IT Winners and Losers: Wal-Mart, Microsoft, Facebook Up; Bill Gates and Apple (Stock) Down
Winners this week included a Web 2.0 Wal-Mart, a SaaSy Microsoft and a grown-up Facebook. Losers? Apple shareholders, Credit Suisse IT and computer science graduation rates.
By Thomas Wailgum
Which tech vendor had a week to remember—and which had one to forget? Which IT department needs a “do over,” and which exec should be looking for a new job? On Fridays, we chronicle what went right and what went wrong in the IT world during the past week.
An article published this week noted the quiet launch of an authentic, interesting and (relatively) unfiltered blog by Wal-Mart’s merchandise buyers. Called Check Out, the site launched during the 2007 holiday shopping season and has “become a forum for unvarnished rants about gadgets, raves about new video games and advice on selecting environmentally sustainable food,” the article stated. CIO‘s October 2007 article on Wal-Mart noted that the world’s number-one retailer had faltered in the Web 2.0 world (with some infamous efforts) and struggled with new online customer service initiatives. But in 2007, execs seemed to get “religion” on what they should be doing and contracted with social networking consultancy Bazaarvoice. This type of innovation was a long time coming for the retailer, but score one for Wal-Mart.
Microsoft delivered another important and telling announcement on Monday: The world’s biggest software company will begin offering online software services (as opposed to just on-premise software) to “businesses of all sizes” by the end of 2008. The “software plus services” strategy, as Microsoft terms it, has been a long time coming. The acceleration of Microsoft’s software-as-a-service play shows that it’s finally accepted the power and inevitability of the cloud—and also reveals just how big a threat Google really is—though Microsoft Chairman Bill Gates would surely disagree. In a quote for the ages this week, Gates said, in reference to Google’s buzz-worthy product announcements, “to be frank, the day they announce them is their best day.”
LOSER: Bill Gates
Speaking of Gates…the former richest person in the world is now just the third richest person in the world. Gates had held Forbes magazine’s “world’s richest person” title for an incredible 13 years. Supplanting him at the top is his good friend and investor extraordinaire Warren Buffet, with an estimated $62 billion fortune. In second place is the richest-guy-you’ve-never-heard-of: Carlos Slim Helu, a Mexican communications industry honcho, at $60 billion. Poor ‘ole Gates was valued at a paltry $58 billion. Sorry, Bill.
On Tuesday, boy wonder and Facebook CEO Mark Zuckerberg (worth a respectable $1.5 billion on the Forbes list) announced the hiring of a COO. Zuckerberg was able to pry Sheryl Sandberg away from Google (a rare occurrence), where she was the VP for global online sales and operations. (The news sent Google’s shares down 4.2 percent, to a 52-week low.) Sandberg had joined Google in 2001 and championed its AdWords and AdSense programs, which accounted for the overwhelming majority of Google’s $16.6 billion in revenues in 2007, according to a New York Timesarticle. Now a multimillionaire, Sandberg will have a hand in shaping Facebook’s future and helping Zuckerberg figure out how FB will make money. Bet she’s got a lot more “friends” now.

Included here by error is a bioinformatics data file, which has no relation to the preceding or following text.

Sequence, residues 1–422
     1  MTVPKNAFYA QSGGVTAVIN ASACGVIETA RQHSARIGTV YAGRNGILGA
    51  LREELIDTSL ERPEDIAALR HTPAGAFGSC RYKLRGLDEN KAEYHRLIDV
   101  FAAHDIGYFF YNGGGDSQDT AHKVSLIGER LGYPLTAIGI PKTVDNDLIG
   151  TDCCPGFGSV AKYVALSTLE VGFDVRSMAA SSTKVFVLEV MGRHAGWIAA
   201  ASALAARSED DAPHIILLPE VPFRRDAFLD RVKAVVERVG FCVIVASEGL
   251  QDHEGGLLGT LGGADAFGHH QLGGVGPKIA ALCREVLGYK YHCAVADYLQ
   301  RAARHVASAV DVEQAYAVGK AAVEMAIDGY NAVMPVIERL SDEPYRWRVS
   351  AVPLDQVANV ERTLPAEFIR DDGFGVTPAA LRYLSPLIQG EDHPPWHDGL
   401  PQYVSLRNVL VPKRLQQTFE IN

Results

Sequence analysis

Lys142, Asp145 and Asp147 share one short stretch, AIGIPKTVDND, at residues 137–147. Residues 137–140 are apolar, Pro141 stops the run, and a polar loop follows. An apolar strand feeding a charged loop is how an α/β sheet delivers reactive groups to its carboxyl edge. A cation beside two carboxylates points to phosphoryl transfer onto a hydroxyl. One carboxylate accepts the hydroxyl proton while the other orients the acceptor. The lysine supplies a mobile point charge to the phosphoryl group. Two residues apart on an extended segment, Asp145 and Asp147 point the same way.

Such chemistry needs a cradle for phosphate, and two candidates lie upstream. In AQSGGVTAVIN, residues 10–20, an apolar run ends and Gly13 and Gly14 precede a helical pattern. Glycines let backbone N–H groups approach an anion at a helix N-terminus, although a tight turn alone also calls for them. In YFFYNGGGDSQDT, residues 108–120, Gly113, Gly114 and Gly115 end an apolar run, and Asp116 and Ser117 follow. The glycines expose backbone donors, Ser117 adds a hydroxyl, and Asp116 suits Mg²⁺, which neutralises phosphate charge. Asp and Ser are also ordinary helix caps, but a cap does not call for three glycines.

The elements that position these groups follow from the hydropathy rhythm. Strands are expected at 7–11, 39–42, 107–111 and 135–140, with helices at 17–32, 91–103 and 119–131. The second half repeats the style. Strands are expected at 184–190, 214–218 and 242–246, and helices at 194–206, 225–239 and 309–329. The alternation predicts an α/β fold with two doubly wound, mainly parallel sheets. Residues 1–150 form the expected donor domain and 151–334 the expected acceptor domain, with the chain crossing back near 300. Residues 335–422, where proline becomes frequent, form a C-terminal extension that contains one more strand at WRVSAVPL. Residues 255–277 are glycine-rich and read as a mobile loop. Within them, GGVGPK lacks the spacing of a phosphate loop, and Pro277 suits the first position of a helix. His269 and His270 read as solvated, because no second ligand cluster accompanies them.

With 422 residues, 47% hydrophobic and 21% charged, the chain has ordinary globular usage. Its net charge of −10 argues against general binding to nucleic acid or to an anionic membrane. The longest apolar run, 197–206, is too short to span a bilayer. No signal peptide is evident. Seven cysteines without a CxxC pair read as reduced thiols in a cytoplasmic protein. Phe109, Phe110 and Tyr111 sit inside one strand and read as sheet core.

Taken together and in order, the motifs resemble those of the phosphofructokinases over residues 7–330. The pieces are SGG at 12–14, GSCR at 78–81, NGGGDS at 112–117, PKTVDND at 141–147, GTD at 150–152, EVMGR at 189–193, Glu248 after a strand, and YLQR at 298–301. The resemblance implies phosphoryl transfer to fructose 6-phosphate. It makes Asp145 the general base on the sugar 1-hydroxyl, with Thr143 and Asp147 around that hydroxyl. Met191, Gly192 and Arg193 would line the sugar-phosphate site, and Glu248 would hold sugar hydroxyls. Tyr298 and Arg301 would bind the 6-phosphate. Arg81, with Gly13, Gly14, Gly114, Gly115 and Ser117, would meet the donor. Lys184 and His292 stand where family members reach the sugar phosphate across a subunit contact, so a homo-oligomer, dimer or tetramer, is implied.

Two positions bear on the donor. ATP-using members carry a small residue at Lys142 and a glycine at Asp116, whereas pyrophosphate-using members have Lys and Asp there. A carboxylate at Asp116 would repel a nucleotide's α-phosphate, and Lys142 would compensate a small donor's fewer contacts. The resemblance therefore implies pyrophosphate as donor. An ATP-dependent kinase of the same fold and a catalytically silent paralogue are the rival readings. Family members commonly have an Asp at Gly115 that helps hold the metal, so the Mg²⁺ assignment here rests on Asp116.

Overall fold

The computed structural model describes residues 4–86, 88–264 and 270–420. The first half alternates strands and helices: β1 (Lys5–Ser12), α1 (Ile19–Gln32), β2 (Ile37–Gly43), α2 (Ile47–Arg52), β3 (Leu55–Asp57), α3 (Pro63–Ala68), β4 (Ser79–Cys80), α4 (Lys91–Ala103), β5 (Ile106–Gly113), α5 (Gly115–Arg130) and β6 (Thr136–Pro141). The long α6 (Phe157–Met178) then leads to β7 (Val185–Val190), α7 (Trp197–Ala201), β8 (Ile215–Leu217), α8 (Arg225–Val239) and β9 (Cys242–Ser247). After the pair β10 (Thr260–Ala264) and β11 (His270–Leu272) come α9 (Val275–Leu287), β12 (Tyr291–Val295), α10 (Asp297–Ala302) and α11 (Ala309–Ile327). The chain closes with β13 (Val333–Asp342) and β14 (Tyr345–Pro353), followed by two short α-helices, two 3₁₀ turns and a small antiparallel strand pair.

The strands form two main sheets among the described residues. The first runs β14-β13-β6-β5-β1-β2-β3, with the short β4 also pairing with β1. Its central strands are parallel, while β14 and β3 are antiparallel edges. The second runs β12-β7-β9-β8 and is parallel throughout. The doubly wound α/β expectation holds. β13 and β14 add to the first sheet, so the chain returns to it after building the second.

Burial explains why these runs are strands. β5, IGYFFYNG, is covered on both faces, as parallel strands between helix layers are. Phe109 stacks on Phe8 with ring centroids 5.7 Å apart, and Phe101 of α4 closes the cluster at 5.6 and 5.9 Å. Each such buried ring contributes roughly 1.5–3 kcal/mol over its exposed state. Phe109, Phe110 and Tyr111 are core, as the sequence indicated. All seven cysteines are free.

LOSER: Apple Shareholders
Apple CEO Steve Jobs may be looking for some friends after this week: At Apple’s annual meeting of shareholders this week, Jobs announced that the ever-cool company would not buy back its stock or declare a dividend for its shareholders. The move was a bit surprising to some analysts and shareholders, due to Apple’s stockpile of cash and short-term investments that topped $18 billion at the end of 2007, reported the Times. Bummer for the shareholders, but at least they know that they’ve invested in America’s Most Admired Company, which was bestowed upon Apple this week by Fortune.
LOSER: Credit Suisse IT
Last Friday, Credit Suisse quietly announced the departure Tom Sanzone, its CIO since 2005. It turns out Sanzone won’t have to ask his new employer for any help with his moving expenses: He’ll start work in the second half of 2008 at Merrill Lynch as its EVP and chief administrative officer, reporting to Chairman and CEO John Thain. As detailed in this CIOarticle, the 47-year-old Sanzone will have a wide range of new responsibilities: global client services and operations; technology applications development and infrastructure; business process and sourcing strategies; information security; and global real estate, purchasing and services. Credit Suisse’s newly appointed CIO, Karl Landert, has got some big shoes to fill.
LOSER: Computer Science Grad Rates
Over the weekend, the Computing Research Association (CRA) announced that number of computer science grads in the class of 2007 was the smallest in a decade. In the 2006-2007 academic year, just 8,021 students graduated with computer science degrees. When compared with data from 2003-2004, the nosedive in the number of grads is shocking: 14,185 students got their bachelor’s degrees in computer science that May, according to the CRA data. A small ray of hope (emphasis on small) is that the trend may be leveling off. The CRA reported nearly 8,000 new enrollments in last fall.
WINNER: AT&T Business Customers
AT&T announced on Wednesday that it plans on spending $1 billion this year to expand its Internet protocol, or IP, networks for its large business customers. The reason for the investment was what AT&T execs termed an “explosive surge” in data, voice and video traffic. That will be money well spent.